I have to confess something. I don’t like most online suicide prevention resources. It’s not that I think they’re wrong, but that they’re too soft. I’m looking for Burgess Merideth in my corner shouting at me in a gravelly voice, “Keep hittin ’em in the ribs, ya see? Don’t let that b— breathe!”, not “Someone need a hug?” like Will Farrel’s character in Elf. Suicidal ideation needs to be fought tooth and nail; I need pep talks not greeting cards.
When I was suicidal a few weeks ago I had nobody nearby to turn to. It was very late at night, and I didn’t think to call a hotline or wake up a friend. Instead, I texted my daughter in Germany. I just needed somebody to know what I was struggling with. She replied with sympathy, but also asked me what I was going to do about it. I laid out my game plan and she sent me words of encouragement. I had her in my corner, and I was going to win the fight. Even just confessing to her was a positive action that began the turnaround. By the time I woke up the next day, I was no longer in any danger. I had made it to the bell round after round and won.
I’m not sure why I was suicidal then. Sometimes there isn’t a good reason. I’ve got more going wrong today than I did weeks ago, and I’m not experiencing suicidal ideation in the slightest. I’m getting over a nasty cold, I’m very depressed, I’m still struggling with life after the divorce, I’m lonely, I’ve got bills still unpaid, and I spent the day in forearm crutches because I was so neurologically off that I couldn’t walk. I deal with much more than ADHD and depression. I tell you this not for sympathy, but because I need you to realize that I understand what feeling low is like. I understand desperation and hopelessness. I get it. However, I’m still not going to kill myself. Suicidal urges are a trick of the mind, and I’m not falling for it.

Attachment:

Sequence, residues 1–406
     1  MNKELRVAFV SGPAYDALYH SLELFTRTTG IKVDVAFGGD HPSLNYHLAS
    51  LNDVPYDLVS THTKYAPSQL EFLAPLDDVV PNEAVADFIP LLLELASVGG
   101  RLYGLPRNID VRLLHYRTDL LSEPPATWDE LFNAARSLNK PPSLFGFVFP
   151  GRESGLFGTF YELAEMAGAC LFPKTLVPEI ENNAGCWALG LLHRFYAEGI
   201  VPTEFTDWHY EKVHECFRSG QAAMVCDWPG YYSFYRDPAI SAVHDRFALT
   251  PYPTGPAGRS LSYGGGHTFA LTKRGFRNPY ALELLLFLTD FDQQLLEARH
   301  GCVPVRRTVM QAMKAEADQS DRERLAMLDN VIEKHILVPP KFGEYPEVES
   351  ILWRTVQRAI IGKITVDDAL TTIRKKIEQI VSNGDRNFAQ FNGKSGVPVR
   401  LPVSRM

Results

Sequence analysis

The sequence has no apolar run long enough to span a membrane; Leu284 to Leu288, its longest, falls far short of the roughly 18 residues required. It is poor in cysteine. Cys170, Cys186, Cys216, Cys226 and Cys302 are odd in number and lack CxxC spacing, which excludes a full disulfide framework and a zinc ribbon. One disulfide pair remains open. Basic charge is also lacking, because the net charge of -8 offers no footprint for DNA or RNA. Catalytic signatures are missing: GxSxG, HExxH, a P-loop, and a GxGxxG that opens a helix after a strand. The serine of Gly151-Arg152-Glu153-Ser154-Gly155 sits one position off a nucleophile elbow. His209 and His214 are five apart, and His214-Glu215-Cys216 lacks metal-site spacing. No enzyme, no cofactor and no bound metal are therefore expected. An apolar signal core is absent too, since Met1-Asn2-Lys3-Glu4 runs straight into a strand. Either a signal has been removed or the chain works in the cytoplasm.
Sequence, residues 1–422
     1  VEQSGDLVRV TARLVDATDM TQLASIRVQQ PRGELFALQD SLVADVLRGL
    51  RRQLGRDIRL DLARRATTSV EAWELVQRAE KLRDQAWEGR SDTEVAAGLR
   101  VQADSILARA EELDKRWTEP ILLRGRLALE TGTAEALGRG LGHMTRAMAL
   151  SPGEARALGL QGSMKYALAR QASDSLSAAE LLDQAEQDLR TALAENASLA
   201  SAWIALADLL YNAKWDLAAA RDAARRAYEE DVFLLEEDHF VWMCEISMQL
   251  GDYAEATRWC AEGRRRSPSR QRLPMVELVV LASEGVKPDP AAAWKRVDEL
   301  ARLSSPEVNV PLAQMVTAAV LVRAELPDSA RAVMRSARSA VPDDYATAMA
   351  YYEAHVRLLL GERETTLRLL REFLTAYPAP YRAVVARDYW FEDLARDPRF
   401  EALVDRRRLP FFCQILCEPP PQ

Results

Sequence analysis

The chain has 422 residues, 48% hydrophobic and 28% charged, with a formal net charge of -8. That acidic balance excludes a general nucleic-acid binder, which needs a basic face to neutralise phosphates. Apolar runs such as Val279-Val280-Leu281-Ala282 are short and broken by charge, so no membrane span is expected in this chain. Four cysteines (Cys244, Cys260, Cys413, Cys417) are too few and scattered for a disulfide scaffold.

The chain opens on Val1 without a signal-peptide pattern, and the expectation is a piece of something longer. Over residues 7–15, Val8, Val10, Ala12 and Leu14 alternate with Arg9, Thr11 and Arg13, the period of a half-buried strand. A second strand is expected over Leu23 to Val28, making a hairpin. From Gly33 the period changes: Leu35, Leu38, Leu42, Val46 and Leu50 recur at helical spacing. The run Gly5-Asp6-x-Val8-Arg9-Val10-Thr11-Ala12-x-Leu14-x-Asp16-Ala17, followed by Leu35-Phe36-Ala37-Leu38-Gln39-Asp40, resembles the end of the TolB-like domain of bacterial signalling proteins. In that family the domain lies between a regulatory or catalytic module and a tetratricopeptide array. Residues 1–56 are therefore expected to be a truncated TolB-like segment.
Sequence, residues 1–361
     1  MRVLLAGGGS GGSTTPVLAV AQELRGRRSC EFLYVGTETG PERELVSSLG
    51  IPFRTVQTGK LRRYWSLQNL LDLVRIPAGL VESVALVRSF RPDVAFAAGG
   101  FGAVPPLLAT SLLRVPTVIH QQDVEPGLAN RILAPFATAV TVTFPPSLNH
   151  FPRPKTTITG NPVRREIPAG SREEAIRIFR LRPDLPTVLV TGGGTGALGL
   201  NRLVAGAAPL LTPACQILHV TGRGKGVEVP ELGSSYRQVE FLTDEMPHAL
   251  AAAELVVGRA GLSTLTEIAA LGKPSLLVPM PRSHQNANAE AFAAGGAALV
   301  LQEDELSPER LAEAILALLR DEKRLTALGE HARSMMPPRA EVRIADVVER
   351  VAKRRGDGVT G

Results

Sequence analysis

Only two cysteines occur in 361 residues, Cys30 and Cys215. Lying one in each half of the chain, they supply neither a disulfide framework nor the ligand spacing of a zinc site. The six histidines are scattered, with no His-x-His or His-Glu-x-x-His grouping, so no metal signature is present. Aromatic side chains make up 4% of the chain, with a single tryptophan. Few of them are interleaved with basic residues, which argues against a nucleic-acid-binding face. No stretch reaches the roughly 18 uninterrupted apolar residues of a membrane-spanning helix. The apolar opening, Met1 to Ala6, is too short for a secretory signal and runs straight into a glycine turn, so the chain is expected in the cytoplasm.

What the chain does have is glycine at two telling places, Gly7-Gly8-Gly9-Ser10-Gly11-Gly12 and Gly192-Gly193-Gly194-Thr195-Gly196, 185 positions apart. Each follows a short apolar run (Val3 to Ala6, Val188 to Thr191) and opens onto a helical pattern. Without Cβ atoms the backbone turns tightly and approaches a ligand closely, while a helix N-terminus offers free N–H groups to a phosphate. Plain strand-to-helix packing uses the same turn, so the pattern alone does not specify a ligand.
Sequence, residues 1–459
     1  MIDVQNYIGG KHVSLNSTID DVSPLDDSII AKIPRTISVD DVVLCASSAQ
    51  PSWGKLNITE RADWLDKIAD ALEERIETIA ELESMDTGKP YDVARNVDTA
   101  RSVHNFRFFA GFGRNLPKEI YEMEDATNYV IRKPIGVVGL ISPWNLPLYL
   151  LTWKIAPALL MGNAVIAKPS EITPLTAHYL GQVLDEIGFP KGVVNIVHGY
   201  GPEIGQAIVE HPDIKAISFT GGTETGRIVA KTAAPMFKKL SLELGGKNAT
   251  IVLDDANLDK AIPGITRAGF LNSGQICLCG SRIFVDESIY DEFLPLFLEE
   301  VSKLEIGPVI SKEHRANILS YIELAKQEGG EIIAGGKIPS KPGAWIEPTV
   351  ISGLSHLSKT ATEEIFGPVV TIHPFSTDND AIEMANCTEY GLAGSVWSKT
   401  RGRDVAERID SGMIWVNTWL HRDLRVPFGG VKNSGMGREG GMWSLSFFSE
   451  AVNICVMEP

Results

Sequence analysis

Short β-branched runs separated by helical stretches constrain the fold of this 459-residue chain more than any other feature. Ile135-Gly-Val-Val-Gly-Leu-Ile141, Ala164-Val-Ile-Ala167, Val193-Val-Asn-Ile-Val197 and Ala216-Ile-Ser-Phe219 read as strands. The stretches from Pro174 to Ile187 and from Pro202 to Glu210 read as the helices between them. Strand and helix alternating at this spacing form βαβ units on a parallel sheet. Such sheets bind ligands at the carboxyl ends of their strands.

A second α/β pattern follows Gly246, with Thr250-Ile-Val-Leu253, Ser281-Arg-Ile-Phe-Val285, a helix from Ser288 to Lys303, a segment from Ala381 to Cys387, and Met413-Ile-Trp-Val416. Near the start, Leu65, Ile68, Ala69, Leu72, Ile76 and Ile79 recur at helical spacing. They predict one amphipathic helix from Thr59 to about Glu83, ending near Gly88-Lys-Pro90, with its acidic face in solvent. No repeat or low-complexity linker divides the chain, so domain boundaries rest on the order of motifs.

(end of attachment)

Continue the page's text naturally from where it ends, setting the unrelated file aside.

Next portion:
So if you are like me and are tired of the greeting card sentimentality of many suicide prevention resources, please understand that it’s not just you who doesn’t find them helpful. They’re simply not targeted to somebody like you or I. We need somebody fighting in our corner for us and egging us on towards success. I don’t have a hug for you. I’m not going to tell you that you can’t help feeling this way. So listen closely.
You can do it!
Keep hittin’ depression in the ribs!
Kick those suicidal urges in the teeth!!
Get in there and knock ’em dead!
Yeah, I did just say that. I don’t mollycoddle when it comes to suicidal tendencies. I’m fighting for my life. Maybe that sounds melodramatic to you, but it’s been the technique I’ve used to beat back suicidal impulses for twenty-seven years. If I was suicidal weeks ago but I’m not today when things are much worse, then suicide just doesn’t make any sense, does it?
Unfortunately, logic doesn’t work so well on the depressed mind. The overwhelming feelings of despair are hard to think through clearly. So prepare today. Find your reason to live. Write it down. Staple it to your forehead. Do what you have to in order to give yourself a reason to hang in there until the urges pass. Because the urges will pass. There will be another dawn. You will get to the other side of the abyss and be happier for it. That doesn’t sound as nice as a greeting card expression, but it is still true. Roll up your sleeves and get ready for the fight. It’s going to be difficult at times, but you can do it. Suicidal tendencies can be overcome.
from A Splintered Mind http://ift.tt/T2ytPG